We don’t question the logic of fairy tales when we read them. We know that in these worlds, witches can live in enchanted forests and cats and dogs can talk. These are the worlds of childhood and deep sleep and old fears, and they’re real, as real as a book you can hold in your hand. The stories don’t all have happy endings, but in them, anything is possible.

Drawing by Dirk Zimmer

On possibility

A Prayer
by C.P. Estés

Refuse to fall down.
If you cannot refuse to fall down,
refuse to stay down.
If you cannot refuse to stay down,
lift your heart toward heaven,
and like a hungry beggar,
ask that it be filled,
and it will be filled. 
You may be pushed down.
You may be kept from rising.
But no one can keep you
from lifting your heart
toward heaven—
only you.
It is in the midst of misery 
that so much becomes clear.
The one who says nothing good came of this,
is not yet listening. 

Earlier this year I confided to a dear pen-pal that I was going through a tough time. I don’t often like to tell people about tender personal matters face to face, but I find I can “talk” about them in writing. I’ll put them down on paper and then send them off, like hopeful little paper airplanes, into the hands of a trusted friend, and see what comes back to me. 

So yes, in some ways I have had a sad, hard year. But as I told my friend in my letter, reading helps. Some books have been a downright salvation. I tore through Mark Haddon’s novel, The Porpoise, which is based on the ancient story of Pericles, a prince who goes to sea and has adventures. I had never read the myth before, and its details had me totally engrossed. There was something about the story, with its violence and passion; its birth, death, and rebirth; that I found uniquely comforting as I was dealing with the more elemental stuff of my own life. Using the strange, dream-like symbols of fantasy, myths like these cut to the heart of everything that’s real.

The stories we call fairytales and folk tales are like this too. My mother, when she was going through her own tough time, once mailed me a photocopy of the poem “A Prayer” by Clarissa Pinkola Estés. (I ask you, what would I do without my beloved pen-pals?) Estés is a Mestiza Latina psychoanalyst and a cantadora—a keeper of the old stories—who has recorded readings of several of her books. When my mom was feeling sad and lost, she listened to Estés read from Bedtime Stories, a collection of stories she learned from her family as a child, and they helped her get safely to sleep, where her unconscious, creative mind could start to sort out her troubles.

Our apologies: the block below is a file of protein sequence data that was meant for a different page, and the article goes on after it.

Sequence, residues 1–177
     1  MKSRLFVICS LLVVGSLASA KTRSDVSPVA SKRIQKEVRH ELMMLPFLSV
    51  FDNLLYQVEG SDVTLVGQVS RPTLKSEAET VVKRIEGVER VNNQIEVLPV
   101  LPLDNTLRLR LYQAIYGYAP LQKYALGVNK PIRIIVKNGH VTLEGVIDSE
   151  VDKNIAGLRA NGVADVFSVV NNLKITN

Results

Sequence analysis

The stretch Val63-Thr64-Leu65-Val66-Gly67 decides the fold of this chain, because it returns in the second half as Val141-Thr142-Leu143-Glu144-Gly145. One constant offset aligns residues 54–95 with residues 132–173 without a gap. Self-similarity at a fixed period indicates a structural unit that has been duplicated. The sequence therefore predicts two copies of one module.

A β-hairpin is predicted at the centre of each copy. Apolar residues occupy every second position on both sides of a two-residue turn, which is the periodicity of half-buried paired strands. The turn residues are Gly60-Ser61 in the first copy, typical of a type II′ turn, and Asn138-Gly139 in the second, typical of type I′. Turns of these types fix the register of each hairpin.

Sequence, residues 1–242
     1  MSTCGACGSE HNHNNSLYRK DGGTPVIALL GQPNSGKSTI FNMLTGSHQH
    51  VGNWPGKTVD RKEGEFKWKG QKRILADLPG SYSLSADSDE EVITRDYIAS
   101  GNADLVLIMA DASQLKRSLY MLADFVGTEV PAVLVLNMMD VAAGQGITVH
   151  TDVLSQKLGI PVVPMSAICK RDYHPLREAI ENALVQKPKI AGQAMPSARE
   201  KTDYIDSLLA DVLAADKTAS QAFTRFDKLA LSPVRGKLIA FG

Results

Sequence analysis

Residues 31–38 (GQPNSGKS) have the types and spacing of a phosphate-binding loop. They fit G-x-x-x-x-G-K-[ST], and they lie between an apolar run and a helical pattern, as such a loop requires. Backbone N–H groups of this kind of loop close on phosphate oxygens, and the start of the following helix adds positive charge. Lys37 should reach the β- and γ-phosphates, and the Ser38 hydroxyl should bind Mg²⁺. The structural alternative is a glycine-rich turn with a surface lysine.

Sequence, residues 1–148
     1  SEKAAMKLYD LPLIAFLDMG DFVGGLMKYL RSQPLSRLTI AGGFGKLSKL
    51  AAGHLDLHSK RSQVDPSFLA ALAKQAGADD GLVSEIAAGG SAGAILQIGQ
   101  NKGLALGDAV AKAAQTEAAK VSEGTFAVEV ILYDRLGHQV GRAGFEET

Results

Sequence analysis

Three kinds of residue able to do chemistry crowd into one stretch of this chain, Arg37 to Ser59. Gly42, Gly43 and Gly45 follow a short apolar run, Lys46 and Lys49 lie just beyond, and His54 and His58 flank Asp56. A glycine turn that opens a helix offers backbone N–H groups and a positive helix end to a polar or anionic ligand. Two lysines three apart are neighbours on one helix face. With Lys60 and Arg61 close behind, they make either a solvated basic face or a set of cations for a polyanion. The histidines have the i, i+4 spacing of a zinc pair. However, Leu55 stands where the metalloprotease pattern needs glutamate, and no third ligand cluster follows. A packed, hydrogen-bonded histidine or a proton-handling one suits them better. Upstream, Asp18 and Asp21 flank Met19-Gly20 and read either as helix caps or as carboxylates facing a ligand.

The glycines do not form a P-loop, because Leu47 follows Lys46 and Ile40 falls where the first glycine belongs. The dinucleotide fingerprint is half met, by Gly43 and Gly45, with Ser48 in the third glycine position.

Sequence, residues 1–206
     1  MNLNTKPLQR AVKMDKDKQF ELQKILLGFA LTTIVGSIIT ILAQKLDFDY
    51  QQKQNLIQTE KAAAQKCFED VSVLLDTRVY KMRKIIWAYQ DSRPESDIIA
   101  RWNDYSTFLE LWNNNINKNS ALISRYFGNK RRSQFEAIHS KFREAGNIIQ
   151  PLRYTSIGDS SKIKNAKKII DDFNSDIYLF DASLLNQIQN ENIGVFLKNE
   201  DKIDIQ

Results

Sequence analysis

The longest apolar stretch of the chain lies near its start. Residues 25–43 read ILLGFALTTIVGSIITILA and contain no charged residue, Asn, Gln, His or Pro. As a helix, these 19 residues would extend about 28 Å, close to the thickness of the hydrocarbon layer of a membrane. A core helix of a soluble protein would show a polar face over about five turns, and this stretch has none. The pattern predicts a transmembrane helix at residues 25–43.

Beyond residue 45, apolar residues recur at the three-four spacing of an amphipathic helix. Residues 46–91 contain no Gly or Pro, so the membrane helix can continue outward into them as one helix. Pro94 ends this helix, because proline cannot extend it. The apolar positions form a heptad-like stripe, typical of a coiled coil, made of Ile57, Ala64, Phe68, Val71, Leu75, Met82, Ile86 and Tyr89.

I’m thankful to my mother for introducing me to Estés, who has a dreamy voice and so much to teach us. In another one of her collections, Mother Night: Myths, Stories, and Teachings for Learning to See in the Dark, she talks about the need for these kinds of fantasies. Mother Night, she explains, is an ancient archetype, sometimes called Mother Sleep: “…not sleep like unconscious, but sleep as in opening the door to stories, ideas, innovations, inventions, and dreams.” She’s the “medial force” who “stands between the two worlds, handing things back and forth, informing the world that has grown too dry with things that are moist and alive. Things that rise from the unconscious, that rise from the dark.” 

A few days after I sent my letter, my friend wrote back with another reading recommendation I’m thankful for: Feminist Folktales From Around the World. These are tales that were compiled and edited by a scholar named Ethel Johnston Phelps in the 70s and 80s, and that have recently been reissued in four volumes by the Feminist Press. “I love how sassy and possible the tales all are,” my friend wrote. This sounded like a very sound endorsement to me, so I got a copy of the first volume in the series, Tatterhood, and filled my head with its wild imagery while I reflected on the idea of possibility